And that is what David wants here. And actually, David’s reasoning is even a bit more complex than that. David wants to recognize that God’s providence is at work here. Now of course, David knows that what Shimei is saying is not accurate. God is not punishing David for what happened between him and King Saul, because that was God’s doing, not David’s. God took the kingdom away from Saul and gave it to David because of Saul’s sin. David in fact showed great restraint in not being bloodthirsty in Saul’s situation. The discussion here with Abishai only serves to remind us of David’s earlier restraint, like we just did remember. And yet, Shimei’s curse surely would have caused David to think about God’s providence in all this. Surely it would remind David the reason he already did know for why this was all happening. It was related to David’s bloodshed; the bloodshed of Uriah! This was a part of that chastisement God was bringing because of David’s murder of Uriah. And so David is willing to submit to this cursing, inaccurate as it was, because he recognized that God nonetheless can work through it. God could continue to chasten David through such inaccurate cursing. And so David was willing to submit to it all, all the weariness of it, all the shame of it, in submission to God’s plan and chastening.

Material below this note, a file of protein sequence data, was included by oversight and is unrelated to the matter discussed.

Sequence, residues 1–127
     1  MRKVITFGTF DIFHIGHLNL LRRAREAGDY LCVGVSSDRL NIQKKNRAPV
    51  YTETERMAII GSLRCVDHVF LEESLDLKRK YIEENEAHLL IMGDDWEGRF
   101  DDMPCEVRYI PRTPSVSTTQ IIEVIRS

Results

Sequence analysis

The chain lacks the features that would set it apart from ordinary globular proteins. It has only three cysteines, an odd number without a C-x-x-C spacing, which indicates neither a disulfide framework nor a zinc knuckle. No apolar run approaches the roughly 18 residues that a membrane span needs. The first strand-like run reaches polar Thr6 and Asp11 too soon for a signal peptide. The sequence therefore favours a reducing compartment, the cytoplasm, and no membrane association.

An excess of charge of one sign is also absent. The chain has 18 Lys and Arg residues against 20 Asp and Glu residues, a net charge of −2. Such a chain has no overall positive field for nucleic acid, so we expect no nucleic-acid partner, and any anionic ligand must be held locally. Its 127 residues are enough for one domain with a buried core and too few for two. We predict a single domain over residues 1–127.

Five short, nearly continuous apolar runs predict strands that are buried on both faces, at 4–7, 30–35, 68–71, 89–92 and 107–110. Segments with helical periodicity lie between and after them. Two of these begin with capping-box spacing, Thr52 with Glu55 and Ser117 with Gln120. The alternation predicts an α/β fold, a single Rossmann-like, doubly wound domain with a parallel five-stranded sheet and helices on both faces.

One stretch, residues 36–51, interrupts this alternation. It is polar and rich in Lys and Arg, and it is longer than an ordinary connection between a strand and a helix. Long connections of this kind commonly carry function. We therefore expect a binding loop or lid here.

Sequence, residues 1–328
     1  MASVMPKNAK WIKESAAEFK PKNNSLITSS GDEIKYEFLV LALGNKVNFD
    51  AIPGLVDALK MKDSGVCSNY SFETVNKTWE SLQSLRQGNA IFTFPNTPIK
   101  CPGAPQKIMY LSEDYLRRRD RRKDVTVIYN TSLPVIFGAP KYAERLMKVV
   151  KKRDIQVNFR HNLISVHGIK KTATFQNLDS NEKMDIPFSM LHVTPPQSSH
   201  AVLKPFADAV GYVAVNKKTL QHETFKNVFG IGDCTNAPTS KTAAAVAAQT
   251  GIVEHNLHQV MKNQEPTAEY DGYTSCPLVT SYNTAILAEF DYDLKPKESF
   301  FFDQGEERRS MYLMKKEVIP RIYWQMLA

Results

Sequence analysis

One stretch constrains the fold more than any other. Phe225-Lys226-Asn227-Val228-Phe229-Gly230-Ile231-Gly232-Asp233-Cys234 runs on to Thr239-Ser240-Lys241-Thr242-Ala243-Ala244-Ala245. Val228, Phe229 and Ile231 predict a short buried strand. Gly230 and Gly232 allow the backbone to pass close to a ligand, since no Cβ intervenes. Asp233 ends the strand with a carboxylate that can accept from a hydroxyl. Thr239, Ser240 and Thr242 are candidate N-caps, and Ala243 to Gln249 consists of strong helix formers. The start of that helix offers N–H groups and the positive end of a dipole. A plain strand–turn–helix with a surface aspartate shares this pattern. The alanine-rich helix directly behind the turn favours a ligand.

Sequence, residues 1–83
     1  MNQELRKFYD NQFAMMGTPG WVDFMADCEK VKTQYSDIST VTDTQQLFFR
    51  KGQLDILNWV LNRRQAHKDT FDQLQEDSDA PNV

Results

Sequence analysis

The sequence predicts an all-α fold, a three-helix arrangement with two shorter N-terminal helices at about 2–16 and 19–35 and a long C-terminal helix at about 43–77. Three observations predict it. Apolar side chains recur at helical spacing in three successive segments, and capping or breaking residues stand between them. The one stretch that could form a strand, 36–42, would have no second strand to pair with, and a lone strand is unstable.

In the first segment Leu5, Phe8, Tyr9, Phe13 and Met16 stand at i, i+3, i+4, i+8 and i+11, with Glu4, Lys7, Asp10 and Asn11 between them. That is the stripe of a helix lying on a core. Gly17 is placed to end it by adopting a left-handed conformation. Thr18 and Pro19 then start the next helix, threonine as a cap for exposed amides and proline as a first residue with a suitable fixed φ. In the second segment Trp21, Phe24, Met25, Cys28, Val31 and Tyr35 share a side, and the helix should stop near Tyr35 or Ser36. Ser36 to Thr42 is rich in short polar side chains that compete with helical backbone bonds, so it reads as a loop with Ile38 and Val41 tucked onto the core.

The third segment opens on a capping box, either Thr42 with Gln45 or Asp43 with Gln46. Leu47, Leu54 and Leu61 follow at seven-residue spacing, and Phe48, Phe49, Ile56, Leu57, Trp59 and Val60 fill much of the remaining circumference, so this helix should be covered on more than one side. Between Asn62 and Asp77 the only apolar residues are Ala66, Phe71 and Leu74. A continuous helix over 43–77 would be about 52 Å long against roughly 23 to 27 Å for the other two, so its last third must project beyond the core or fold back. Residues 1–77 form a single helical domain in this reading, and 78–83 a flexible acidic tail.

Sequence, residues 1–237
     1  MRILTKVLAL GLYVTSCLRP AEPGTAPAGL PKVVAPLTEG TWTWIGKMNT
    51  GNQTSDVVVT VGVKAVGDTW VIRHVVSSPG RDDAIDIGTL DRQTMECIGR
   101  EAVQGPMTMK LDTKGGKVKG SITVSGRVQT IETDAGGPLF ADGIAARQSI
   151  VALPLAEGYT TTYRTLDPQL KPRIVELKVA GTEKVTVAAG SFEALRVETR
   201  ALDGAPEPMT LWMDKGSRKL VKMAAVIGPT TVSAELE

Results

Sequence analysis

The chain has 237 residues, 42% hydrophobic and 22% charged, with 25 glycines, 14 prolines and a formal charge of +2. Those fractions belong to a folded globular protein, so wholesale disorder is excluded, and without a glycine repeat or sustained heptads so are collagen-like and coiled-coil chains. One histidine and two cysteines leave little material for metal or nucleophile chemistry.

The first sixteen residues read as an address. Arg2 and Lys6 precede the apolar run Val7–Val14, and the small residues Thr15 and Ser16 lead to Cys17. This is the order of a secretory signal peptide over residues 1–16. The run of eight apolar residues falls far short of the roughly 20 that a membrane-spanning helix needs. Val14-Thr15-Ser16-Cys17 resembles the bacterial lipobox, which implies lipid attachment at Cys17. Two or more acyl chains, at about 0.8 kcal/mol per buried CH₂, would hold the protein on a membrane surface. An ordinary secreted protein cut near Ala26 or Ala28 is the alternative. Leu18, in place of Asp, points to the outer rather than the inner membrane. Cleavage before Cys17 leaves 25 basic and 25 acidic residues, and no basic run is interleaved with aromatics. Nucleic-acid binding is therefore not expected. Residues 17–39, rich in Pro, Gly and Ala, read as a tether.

I’m reminded here of Jesus’ words in the Garden of Gethsamane when they came to arrest him. We mentioned last week the similarities of David’s flight into exile, and Jesus’ trip out of Jerusalem to the Mount of Olives where he was betrayed by Judas and arrested. There, Peter, like Abishai here, wanted to defend his lord. But when Peter struck the guard, Jesus stopped him and said to Peter, “Put your sword into its sheath; shall I not drink the cup that the Father has given me?” And so in this situation, David looks a lot like how the ultimate Christ would. Here David is a picture of the Christ, willing to submit to God’s will for his life, regardless of the cup that may be involved.

Of course I love David’s perspective in this. It’s verse 12. David hopes that he might yet obtain a blessing out of this. He hopes that God may look upon his affliction with Shimei’s cursing and in turn give him a blessing. I remember similarly with Balaam’s cursing of Israel, how the Bible says that God turned Balaam’s cursing into a blessing. David hopes for something similar here, and he will receive it. David will ultimately be restored and vindicated over Absalom, and even Shimei. And that again is where David looks Christ-like. For as Jesus submit himself to his father’s will, even to the cursed death of the cross, God in fact turned that into a blessing. Jesus took on all our curses, and bore them in our place. But then God gave Jesus the blessed vindication of the resurrection, along with the redemption of all those for whom he died. We too then know this blessing to those who have put their faith in Jesus Christ.